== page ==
On the other hand, a sandblasting of the enormous Klan monument in Stone Mountain, Georgia—created earlier by Rushmore sculptor Gutzon Borglum—seems long overdue.

We are learning a lot about the history of these monuments and the people they represent, more than any of us Americans learned in our early education. But we still hear the usual defense that slaveholders were only men of their time—many were good, pious, and gentle and knew no better (or they agonized over the question but, you know, everyone was doing it….) People subjected to the violence and horror of slavery mostly tended to disagree.




Before the Haitian Revolution terrified the slaveholding South, many prominent slaveholders, Jefferson and Washington included, expressed intellectual and moral disgust with slavery. They could not consider abolition, however (though Washington freed his slaves in his will). There was too much profit in the enterprise. As Jefferson himself wrote, “It [would] never do to destroy the goose.”

What we see when we look at the Revolutionary period is the fatal irony of a republic based on ideals of liberty, founded mostly by men who kept millions of people enslaved. The point is made vividly above in a virtual defacement of Declaration of Independence, John Trumbull’s famous 1818 painting which hangs in the U.S. Capitol rotunda. All of the founders’ faces blotted out by red dots were slaveowners. Only the few in yellow in the corresponding image freed the the people they enslaved.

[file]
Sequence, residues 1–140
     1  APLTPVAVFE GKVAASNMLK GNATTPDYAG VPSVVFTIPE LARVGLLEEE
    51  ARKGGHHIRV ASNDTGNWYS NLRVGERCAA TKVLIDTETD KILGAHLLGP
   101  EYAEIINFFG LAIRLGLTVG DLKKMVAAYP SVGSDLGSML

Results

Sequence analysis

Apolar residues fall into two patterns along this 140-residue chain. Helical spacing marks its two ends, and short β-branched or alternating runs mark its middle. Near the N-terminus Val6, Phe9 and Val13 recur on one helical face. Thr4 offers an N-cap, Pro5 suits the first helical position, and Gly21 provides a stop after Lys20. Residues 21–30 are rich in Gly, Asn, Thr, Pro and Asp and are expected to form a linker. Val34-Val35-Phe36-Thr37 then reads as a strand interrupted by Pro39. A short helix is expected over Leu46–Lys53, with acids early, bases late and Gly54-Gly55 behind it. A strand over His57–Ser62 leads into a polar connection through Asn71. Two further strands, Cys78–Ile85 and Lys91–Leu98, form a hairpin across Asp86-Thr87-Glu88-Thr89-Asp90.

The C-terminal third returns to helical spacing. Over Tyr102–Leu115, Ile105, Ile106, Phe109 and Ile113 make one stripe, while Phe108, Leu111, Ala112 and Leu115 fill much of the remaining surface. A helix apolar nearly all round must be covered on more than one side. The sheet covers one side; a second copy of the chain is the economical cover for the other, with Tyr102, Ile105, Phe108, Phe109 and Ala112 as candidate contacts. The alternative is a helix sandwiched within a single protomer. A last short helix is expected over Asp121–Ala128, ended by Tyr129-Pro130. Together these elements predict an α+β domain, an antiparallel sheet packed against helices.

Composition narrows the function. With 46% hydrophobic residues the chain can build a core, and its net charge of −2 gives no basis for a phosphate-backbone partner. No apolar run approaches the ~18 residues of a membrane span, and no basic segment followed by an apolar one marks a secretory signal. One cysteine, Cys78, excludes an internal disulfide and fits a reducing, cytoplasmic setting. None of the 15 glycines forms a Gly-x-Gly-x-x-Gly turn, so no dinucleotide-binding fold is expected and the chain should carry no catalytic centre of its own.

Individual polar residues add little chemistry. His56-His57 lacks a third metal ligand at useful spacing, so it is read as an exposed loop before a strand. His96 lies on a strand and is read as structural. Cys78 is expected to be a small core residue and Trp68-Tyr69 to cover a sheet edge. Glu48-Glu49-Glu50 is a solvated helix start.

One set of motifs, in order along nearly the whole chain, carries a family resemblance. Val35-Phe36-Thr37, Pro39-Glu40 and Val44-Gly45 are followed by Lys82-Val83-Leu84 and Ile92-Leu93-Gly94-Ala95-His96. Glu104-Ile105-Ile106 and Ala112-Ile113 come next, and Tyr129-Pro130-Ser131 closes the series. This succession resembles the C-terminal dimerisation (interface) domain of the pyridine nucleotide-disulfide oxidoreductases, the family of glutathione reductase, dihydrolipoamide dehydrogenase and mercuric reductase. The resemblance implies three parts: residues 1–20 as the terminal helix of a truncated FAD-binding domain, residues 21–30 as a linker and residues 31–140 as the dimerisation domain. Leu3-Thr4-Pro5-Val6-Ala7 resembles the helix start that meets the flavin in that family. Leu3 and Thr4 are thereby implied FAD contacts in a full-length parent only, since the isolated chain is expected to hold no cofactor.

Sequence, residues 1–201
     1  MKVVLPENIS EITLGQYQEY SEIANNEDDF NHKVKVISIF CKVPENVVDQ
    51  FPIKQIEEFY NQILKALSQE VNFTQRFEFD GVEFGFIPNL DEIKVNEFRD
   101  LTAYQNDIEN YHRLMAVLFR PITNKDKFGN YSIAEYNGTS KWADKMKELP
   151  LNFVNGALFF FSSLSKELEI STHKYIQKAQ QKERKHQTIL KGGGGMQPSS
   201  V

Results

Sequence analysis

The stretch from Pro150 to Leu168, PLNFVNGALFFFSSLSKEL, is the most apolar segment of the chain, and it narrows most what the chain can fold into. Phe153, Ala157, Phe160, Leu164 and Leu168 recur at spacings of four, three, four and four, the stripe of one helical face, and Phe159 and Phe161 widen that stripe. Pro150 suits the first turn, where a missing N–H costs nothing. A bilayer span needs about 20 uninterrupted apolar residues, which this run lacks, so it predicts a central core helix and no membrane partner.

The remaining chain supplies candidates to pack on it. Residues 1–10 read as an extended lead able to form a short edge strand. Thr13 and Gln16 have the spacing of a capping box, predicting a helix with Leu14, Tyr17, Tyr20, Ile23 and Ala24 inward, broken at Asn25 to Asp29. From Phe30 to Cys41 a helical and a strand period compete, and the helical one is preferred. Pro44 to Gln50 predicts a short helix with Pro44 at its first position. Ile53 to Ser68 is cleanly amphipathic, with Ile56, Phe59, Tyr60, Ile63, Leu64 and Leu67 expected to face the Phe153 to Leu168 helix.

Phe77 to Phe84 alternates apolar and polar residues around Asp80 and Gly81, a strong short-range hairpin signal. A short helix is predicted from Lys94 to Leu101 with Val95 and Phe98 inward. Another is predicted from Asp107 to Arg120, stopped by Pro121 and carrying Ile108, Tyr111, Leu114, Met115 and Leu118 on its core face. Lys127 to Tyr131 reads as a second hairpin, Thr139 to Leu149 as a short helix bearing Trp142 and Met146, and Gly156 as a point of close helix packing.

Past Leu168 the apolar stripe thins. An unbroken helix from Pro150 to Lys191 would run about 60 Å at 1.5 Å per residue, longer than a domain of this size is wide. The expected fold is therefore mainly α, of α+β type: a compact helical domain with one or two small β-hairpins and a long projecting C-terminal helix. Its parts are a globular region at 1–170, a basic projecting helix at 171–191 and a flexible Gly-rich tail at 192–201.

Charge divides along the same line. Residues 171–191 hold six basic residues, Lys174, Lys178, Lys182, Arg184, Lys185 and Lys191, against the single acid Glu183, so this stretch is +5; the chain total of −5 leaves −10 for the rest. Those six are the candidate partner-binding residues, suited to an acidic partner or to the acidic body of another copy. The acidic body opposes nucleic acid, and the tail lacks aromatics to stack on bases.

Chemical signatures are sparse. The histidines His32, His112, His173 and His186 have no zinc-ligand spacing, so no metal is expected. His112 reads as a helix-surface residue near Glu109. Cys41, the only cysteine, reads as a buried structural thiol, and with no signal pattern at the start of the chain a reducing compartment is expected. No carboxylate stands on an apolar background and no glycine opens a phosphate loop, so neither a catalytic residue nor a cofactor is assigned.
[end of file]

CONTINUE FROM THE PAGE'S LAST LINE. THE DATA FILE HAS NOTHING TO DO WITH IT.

These images were not made in this current summer of national uprisings but in August of 2019, “a bloody month that saw 53 people die in mass shootings in the US,” notes Hyperallergic. Their creator, Arlen Parsa sought to make a different point about the Second Amendment, but wrote forcefully about the founders' enslaving of others. “There were no gentle slaveholders,” writes Parsa. “Countless children were born into slavery and died after a relatively short lifespan never knowing freedom for even a minute.” Many of those children were fathered by their owners.